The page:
the inability on their part of the Palestinians, if that revolt, it came too early in a way.
It didn't they missed their historical moment. And then, of course, we end today with and I think this is what happens with all settler colonial projects is what they cannot crush that resistance. They engage in open acts of genocide, which is what I would describe happening in Gaza. So they're what the great thing about that book is that it hits those patterns, which have kind of bedeviled the Palestinians up until the present moment, all of which, and, of course, I covered I spent seven years covering Palestine, much of that time in Gaza. And I can assure you, the Israelis lie, like they breathe. I mean, their primary job of the propaganda machine was to discredit whatever it was
we reported on the ground. Right, you know, just, I'm gonna get to something. But before that, you know, one of the books because, you know, the all I've been doing in the last almost two months now, there's just going through several books on this subject, like real deep dive, but one of the books that really shocked me, is this, the British pacification of Palestine. So this is the British Army, the colonial state and Arab Revolt, 1936 to 1939. And what was one of the things that was fascinating, because I think what shocked a lot of people and you actually had Palestinian flying Irish flags.
Yeah, well, because the techniques that were used to subdue from Ireland, were used against Palestine, there many, many cases. It's the same British officers. Yeah, it's amazing. So so the, you know, you have these like the home demolitions. That was all Irish, British practice English practice in Ireland, you know, the assassinations of the leadership, but one of the things that really, I mean, you know,
Piers Morgan recently said, well, the Irish situation gives up some hope, you know, neglecting the fact that it took them 700 years, you know, get where they've gotten, you know, so but I think the,
the fact that so many of these techniques are
I think they're so antiquated and anachronistic in terms of the general tenor around the globe, there are so many people that are so horrified by these things that were standard practice in a lot of the pre modern world, like I think there was just much more of this, but now there's just a real backlash, but one of the things I wanted to ask you, I was curious about the fact that he
didn't really go into the,
the Christian Zionism because one of the things that really strikes me as fascinating about this is that the Christians had more to do with the establishment of the State of Israel than the actual Jews did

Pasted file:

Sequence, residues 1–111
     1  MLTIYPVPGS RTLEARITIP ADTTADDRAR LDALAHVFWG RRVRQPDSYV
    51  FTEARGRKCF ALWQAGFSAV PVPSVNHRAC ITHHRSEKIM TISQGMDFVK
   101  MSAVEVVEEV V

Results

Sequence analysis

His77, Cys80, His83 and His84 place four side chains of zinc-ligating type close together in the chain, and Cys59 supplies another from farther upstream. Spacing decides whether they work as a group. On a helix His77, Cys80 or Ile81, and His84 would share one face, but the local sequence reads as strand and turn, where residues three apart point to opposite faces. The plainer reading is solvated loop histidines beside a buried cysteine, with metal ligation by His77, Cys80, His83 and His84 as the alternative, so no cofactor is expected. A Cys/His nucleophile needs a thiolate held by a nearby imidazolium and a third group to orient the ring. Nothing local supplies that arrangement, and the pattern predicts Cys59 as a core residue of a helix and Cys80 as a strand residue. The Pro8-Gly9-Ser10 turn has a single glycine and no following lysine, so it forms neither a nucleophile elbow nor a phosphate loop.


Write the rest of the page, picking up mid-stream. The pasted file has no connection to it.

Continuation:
it, you know, Shaftsbury and even back this is like 200 years, it goes way back, which is a kind of English Christian heresy. This idea, we have to get all the Jews back to hasten the apocalypse, you know, so that the Jesus can come back. And I was just really struck by the fact that these these Zionists, Christians like Balfour, and
I mean, there were several of them that were just,
I think hell bent on on making this thing happen. But one of the things that
Dr. Thomas Cleary thought, and he's by far the smartest human being I've ever met, but he actually bought that at the root of it was a deep anti semitism, that they they really wanted to kind of deal with what used to be called the Jewish question, you know, this idea of, of, you know, this problem of the alien within our myths, and they believed in a lot of these conspiracy theories.
But he saw it as just a really vicious thing to do to put them in the midst of a place in this kind of colonial settler environment, amidst people that are obviously going to going to react at having their land taken from them. And the fact that they have the support of, of now, over a billion people on the planet, but I was just curious, why do you think that? I mean, obviously, he can't write everything. Why he chose 1917 When it really begins, the Alia begins in 1882, and 1914 1913 and 14 were critical years in this conflict. So I'm just curious, because of the Balfour Declaration which formalizes the project and begins the flood of
Jewish immigration, remember, Allenby was also a Christian Zionist.
defeated the Ottomans, a lot of fighting, by the way in Gaza, in World War One, so yeah, that Christian Zionism was an important component because it built allies. And I think you're right that if you really explored, it is anti semitic in the same way that the Christian right in the United States is anti semitic, and more explicitly within the Christian right in the United States. Because at the end times, I think it's 160,000 Jews or something are saved and the rest are incinerated with everyone else. So it is a kind of bizarre mythical vision that has always been part of, you know, within the Christian rubric. But yes, it was this alliance. And I don't think there's any secret